The main audience for these how-to-draw books for anime and manga seem to be kids and teenagers who want to draw in a particular way: The way your average American or European perceives anime and manga to look like. Christopher Hart plays very well into that image, which is how his books could sell so well despite them looking so horrible--the people who buy and enjoy these books don't know any better. (He's a genuinely very good American comic book artist though, and his how-to-draw American comic book books are a lot more insightful.)

There isn't much for storytelling because these people are either not interested in the narrative aspect at all (that is, they want to "draw anime-style" out of excitement or to impress their friends), or they already have plenty of story ideas. Based on my experience with these people, the ones who want to make stories are convinced they're already good at it and don't need advice. Their "young Japanese-flavored misfit hero gets cool powers and goes out on a mystical quest" stories are all they think they need. (I'll bet Shueisha will get a mountain of these from North America for their international manga contest.) It's a lot harder to know you're bad at storytelling than to know you're bad at drawing.

Now, I'm sure Hirohiko Araki's book on making good manga stands heads and shoulders above most other how-to-draw anime and manga books, if not every single one of them. But he won't be telling what the normal audience for these books want to hear. (It also seems directed at those already at least moderately experienced in drawing and layout.) If Araki's book will sell, it'll be to a different, older and more savvy audience than usual.
Back to top
View user's profile Send private message
Princess_Irene



Joined: 16 Dec 2008
Posts: 1473
Location: The castle beyond the Goblin City
PostPosted: Fri Jun 30, 2017 6:45 am Reply with quote
[quote="leafy sea dragon"]
reanimator wrote:

Now, I'm sure Hirohiko Araki's book on making good manga stands heads and shoulders above most other how-to-draw anime and manga books, if not every single one of them. But he won't be telling what the normal audience for these books want to hear. (It also seems directed at those already at least moderately experienced in drawing and layout.) If Araki's book will sell, it'll be to a different, older and more savvy audience than usual.


You're right - Araki's book is a craft manual rather than a how-to book, and it's better than a lot of the books I've seen used in college (and that I had to get in grad school). One of the major differences from those "how to draw anime" books is that Araki tells his readers that it's important to have a good classical base before morphing into a manga style. From a writing perspective, his discussion of dialogue is excellent.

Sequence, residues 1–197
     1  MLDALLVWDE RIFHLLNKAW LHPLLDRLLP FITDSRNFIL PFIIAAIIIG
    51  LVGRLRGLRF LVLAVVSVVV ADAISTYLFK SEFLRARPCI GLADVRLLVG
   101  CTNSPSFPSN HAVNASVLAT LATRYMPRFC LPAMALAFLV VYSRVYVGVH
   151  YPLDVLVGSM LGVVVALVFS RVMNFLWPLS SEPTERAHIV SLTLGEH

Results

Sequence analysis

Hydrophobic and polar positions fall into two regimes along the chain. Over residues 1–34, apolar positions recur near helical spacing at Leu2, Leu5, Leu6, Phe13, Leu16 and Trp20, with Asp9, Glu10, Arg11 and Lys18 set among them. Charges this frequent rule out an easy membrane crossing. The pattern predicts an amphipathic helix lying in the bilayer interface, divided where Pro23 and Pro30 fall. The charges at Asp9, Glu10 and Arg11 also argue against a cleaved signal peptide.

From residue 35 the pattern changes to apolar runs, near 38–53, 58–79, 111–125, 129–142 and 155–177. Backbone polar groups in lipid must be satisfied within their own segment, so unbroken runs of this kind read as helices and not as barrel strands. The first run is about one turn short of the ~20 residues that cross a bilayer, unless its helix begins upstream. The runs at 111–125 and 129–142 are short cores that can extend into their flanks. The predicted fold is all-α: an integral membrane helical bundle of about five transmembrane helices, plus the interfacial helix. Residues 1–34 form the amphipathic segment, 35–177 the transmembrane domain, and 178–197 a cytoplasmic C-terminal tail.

Back to top
View user's profile Send private message
leafy sea dragon



Joined: 27 Oct 2009
Posts: 6558
Location: Another Kingdom
PostPosted: Fri Jun 30, 2017 1:57 pm Reply with quote
Princess_Irene wrote:
You're right - Araki's book is a craft manual rather than a how-to book, and it's better than a lot of the books I've seen used in college (and that I had to get in grad school). One of the major differences from those "how to draw anime" books is that Araki tells his readers that it's important to have a good classical base before morphing into a manga style. From a writing perspective, his discussion of dialogue is excellent.


Even more so in storytelling: The best way to get good at writing an entertaining story, besides practicing relentlessly (like everything else), is to have a broad foundation of knowledge to work from new and old, which helps you create believable characters, fleshed out settings, and interesting premises.

Araki's general style definitely comes across to me as derived from life drawing, even more so than usual for anime and manga. However, there is an understandable reason why those how-to-draw books leave out information about human anatomy (well, most of them anyway--I've seen a few that do): Those books exist for people who want to draw like Akira Toriyama or Masashi Kishimoto and don't want to invest much time into it. Studying life drawing takes months or years, which would take too long for them. They want easy, quick, step-by-step instructions. They want to get straight to the good stuff.

(Well, either that or their non-artist parents buy these for them thinking that these will do and are a lot cheaper than art classes.)
Back to top
View user's profile Send private message
Display posts from previous:   
Reply to topic    Anime News Network Forum Index -> Site-related -> Talkback All times are GMT - 5 Hours
Page 1 of 1

 


Powered by phpBB © 2001, 2005 phpBB Group